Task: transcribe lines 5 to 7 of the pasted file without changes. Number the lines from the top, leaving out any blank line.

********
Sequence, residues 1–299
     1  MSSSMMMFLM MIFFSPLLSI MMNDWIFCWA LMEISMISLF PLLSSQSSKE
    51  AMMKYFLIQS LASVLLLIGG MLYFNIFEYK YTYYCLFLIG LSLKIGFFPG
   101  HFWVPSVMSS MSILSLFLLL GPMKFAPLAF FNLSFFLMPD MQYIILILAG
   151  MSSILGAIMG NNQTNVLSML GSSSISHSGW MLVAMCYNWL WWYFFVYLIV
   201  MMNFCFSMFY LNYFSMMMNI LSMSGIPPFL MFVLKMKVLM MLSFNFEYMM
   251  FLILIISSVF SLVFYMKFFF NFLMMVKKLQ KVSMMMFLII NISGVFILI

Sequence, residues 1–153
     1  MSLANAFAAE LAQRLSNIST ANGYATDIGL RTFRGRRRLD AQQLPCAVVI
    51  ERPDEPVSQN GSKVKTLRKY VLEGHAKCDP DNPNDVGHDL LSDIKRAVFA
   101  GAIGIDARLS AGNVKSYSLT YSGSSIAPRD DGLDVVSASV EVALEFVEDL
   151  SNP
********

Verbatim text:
   151  MSSILGAIMG NNQTNVLSML GSSSISHSGW MLVAMCYNWL WWYFFVYLIV
   201  MMNFCFSMFY LNYFSMMMNI LSMSGIPPFL MFVLKMKVLM MLSFNFEYMM
   251  FLILIISSVF SLVFYMKFFF NFLMMVKKLQ KVSMMMFLII NISGVFILI